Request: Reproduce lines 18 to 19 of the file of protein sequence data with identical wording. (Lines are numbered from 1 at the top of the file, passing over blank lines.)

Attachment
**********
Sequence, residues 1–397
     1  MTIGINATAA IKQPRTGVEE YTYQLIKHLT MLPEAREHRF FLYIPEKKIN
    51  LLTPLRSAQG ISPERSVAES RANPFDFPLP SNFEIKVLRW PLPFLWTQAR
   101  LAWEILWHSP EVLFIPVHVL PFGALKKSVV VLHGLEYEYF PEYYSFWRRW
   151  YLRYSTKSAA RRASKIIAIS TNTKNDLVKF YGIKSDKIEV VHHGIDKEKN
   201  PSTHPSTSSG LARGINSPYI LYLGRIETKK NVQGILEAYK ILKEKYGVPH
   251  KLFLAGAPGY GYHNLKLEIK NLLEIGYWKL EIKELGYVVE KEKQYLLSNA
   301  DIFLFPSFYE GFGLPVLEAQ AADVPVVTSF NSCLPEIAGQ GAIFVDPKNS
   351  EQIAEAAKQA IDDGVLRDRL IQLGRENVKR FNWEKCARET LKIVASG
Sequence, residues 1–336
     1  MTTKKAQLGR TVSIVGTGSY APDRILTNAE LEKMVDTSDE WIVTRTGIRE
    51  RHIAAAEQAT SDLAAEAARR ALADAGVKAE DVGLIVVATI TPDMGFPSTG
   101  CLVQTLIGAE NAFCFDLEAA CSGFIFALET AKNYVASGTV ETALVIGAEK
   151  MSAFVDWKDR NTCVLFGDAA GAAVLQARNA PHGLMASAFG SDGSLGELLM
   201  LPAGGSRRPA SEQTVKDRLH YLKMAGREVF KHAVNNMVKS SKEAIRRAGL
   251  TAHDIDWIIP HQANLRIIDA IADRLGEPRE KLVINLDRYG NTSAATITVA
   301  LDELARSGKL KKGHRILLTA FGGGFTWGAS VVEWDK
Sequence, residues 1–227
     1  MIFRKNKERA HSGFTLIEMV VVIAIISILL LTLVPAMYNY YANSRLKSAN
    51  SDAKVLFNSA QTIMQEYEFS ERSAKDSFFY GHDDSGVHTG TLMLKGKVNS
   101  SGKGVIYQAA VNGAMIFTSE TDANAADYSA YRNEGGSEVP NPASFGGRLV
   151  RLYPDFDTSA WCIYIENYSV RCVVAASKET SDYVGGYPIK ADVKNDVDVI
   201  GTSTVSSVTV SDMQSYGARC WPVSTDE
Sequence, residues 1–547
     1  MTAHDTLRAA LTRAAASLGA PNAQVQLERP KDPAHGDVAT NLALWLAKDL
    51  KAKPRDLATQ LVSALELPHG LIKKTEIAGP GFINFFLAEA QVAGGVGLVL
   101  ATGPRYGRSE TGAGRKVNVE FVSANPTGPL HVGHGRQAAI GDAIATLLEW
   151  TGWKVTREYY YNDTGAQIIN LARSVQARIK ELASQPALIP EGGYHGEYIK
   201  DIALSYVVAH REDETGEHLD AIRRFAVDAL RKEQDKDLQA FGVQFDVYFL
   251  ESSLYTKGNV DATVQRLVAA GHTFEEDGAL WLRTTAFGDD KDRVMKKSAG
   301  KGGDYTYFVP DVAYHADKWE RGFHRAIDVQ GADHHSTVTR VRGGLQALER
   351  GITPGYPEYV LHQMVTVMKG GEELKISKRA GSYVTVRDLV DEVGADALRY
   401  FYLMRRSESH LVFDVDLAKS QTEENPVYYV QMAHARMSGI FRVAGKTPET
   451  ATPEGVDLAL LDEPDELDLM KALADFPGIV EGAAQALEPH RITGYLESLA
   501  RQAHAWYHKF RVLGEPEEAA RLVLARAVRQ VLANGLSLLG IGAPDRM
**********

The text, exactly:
Sequence, residues 1–227
     1  MIFRKNKERA HSGFTLIEMV VVIAIISILL LTLVPAMYNY YANSRLKSAN